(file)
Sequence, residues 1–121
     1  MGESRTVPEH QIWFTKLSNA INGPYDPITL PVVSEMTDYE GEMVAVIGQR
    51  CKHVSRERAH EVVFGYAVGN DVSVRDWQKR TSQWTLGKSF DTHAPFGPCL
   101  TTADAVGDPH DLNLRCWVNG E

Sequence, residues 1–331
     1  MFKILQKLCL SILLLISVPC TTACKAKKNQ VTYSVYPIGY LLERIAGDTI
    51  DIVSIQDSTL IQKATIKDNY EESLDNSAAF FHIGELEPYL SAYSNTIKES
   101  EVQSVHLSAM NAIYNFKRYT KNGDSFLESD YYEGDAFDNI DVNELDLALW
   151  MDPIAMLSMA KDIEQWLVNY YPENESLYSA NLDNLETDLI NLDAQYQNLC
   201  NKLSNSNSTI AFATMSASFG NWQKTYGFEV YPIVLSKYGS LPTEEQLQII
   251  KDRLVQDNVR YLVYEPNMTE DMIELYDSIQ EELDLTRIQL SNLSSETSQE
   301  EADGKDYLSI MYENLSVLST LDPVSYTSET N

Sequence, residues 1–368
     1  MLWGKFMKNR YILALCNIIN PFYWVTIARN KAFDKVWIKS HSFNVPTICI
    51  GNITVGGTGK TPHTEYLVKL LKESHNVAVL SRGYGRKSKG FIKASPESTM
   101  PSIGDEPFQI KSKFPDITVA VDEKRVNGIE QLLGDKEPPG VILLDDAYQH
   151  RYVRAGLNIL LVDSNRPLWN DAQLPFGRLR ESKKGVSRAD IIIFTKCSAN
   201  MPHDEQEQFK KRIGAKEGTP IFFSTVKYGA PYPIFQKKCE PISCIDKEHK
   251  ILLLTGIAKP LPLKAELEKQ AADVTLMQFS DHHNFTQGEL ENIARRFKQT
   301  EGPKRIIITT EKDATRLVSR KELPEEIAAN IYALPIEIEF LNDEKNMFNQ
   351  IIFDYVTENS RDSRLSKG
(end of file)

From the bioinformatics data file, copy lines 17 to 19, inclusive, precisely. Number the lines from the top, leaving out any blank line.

   151  RYVRAGLNIL LVDSNRPLWN DAQLPFGRLR ESKKGVSRAD IIIFTKCSAN
   201  MPHDEQEQFK KRIGAKEGTP IFFSTVKYGA PYPIFQKKCE PISCIDKEHK
   251  ILLLTGIAKP LPLKAELEKQ AADVTLMQFS DHHNFTQGEL ENIARRFKQT